Steps on either side of the memorial leading to the rear of the memorial, make wheelchair access to the rear impossible. There is however, a slope at the side of the memorial which gives wheelchair users some access but due to the incline, it may not be possible to ascend/descend unaided.

Please note that every Friday, all wreaths positioned under the Menin Gate will be checked and removed as necessary, with the exception of those placed on the floral tribute the previous evening.

Historical Information

The Menin Gate is one of four memorials to the missing in Belgian Flanders which cover the area known as the Ypres Salient. Broadly speaking, the Salient stretched from Langemarck in the north to the northern edge in Ploegsteert Wood in the south, but it varied in area and shape throughout the war.

The Salient was formed during the First Battle of Ypres in October and November 1914, when a small British Expeditionary Force succeeded in securing the town before the onset of winter, pushing the German forces back to the Passchendaele Ridge. The Second Battle of Ypres began in April 1915 when the Germans released poison gas into the Allied lines north of Ypres. This was the first time gas had been used by either side and the violence of the attack forced an Allied withdrawal and a shortening of the line of defence.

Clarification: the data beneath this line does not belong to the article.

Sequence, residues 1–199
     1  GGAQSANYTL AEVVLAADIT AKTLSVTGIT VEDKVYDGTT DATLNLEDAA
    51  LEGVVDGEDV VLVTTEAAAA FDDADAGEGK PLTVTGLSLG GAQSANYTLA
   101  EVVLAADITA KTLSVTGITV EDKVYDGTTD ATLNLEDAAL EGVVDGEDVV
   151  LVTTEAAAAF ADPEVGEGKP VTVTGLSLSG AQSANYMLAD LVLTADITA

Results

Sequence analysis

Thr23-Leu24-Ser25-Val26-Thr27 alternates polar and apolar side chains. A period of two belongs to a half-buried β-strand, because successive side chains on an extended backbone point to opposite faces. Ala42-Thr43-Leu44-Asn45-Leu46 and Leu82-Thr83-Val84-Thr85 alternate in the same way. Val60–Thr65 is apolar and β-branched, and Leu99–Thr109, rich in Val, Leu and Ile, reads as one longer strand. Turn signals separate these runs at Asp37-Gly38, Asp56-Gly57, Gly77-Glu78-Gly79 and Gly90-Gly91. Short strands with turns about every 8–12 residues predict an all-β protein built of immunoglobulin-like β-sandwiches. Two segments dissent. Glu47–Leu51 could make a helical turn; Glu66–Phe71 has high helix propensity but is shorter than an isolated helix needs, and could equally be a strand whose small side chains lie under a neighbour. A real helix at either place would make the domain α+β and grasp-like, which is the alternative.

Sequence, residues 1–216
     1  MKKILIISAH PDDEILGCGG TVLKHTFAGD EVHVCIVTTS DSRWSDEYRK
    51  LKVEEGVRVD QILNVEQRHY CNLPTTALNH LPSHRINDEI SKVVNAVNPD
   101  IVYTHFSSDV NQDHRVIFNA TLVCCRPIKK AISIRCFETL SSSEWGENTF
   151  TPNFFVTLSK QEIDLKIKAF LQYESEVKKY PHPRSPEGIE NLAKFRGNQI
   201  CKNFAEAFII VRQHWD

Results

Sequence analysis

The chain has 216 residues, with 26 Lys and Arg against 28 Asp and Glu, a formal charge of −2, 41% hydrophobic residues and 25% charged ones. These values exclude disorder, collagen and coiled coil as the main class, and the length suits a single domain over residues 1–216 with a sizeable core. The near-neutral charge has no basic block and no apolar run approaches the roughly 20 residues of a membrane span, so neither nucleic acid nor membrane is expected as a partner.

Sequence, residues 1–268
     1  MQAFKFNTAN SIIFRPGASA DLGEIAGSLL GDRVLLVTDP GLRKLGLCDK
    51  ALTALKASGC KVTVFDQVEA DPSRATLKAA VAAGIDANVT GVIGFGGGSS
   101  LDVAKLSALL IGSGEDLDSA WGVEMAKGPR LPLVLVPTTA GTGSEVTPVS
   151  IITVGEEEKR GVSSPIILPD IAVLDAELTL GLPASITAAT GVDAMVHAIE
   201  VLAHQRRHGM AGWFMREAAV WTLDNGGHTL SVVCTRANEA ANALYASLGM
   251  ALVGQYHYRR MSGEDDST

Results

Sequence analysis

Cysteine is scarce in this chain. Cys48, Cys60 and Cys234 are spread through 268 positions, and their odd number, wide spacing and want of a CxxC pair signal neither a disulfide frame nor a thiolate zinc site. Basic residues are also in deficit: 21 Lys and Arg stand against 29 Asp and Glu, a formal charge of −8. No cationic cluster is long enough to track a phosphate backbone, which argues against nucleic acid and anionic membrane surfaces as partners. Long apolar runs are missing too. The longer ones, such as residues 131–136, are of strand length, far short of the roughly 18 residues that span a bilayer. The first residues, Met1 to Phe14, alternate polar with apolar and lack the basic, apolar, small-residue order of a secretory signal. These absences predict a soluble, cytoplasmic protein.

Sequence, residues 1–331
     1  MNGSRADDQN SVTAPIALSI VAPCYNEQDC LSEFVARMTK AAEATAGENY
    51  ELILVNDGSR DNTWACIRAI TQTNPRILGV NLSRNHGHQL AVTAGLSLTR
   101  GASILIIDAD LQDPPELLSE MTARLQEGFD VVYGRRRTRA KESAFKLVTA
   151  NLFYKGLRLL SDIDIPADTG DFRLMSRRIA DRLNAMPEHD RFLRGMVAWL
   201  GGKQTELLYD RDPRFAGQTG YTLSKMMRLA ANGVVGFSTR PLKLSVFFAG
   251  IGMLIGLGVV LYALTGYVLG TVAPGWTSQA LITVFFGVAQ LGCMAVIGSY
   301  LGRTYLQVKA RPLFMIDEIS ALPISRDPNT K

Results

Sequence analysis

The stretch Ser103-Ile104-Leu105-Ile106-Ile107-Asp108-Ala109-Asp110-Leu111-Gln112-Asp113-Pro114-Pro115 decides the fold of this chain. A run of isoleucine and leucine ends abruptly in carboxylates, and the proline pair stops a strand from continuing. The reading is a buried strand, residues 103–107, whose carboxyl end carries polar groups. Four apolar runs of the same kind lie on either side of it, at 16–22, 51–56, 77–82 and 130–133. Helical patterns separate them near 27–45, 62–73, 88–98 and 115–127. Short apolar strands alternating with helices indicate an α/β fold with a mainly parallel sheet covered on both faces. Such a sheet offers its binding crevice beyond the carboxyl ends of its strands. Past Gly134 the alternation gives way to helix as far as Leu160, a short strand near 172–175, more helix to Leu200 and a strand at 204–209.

There was little more significant activity on this front until 1917, when in the Third Battle of Ypres an offensive was mounted by Commonwealth forces to divert German attention from a weakened French front further south. The initial attempt in June to dislodge the Germans from the Messines Ridge was a complete success, but the main assault north-eastward, which began at the end of July, quickly became a dogged struggle against determined opposition and the rapidly deteriorating weather. The campaign finally came to a close in November with the capture of Passchendaele.